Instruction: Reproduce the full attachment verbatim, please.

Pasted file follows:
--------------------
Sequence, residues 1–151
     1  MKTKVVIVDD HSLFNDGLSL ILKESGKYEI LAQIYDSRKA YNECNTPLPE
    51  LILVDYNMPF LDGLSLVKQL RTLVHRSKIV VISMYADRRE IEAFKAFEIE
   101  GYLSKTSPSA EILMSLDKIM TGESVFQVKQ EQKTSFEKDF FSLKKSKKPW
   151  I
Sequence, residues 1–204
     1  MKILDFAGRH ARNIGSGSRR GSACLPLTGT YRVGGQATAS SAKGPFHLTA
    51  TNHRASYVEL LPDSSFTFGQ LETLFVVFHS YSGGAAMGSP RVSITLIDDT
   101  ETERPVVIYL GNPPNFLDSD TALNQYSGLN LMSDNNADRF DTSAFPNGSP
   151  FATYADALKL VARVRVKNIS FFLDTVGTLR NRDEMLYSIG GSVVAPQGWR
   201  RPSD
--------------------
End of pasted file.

Sequence, residues 1–151
     1  MKTKVVIVDD HSLFNDGLSL ILKESGKYEI LAQIYDSRKA YNECNTPLPE
    51  LILVDYNMPF LDGLSLVKQL RTLVHRSKIV VISMYADRRE IEAFKAFEIE
   101  GYLSKTSPSA EILMSLDKIM TGESVFQVKQ EQKTSFEKDF FSLKKSKKPW
   151  I
Sequence, residues 1–204
     1  MKILDFAGRH ARNIGSGSRR GSACLPLTGT YRVGGQATAS SAKGPFHLTA
    51  TNHRASYVEL LPDSSFTFGQ LETLFVVFHS YSGGAAMGSP RVSITLIDDT
   101  ETERPVVIYL GNPPNFLDSD TALNQYSGLN LMSDNNADRF DTSAFPNGSP
   151  FATYADALKL VARVRVKNIS FFLDTVGTLR NRDEMLYSIG GSVVAPQGWR
   201  RPSD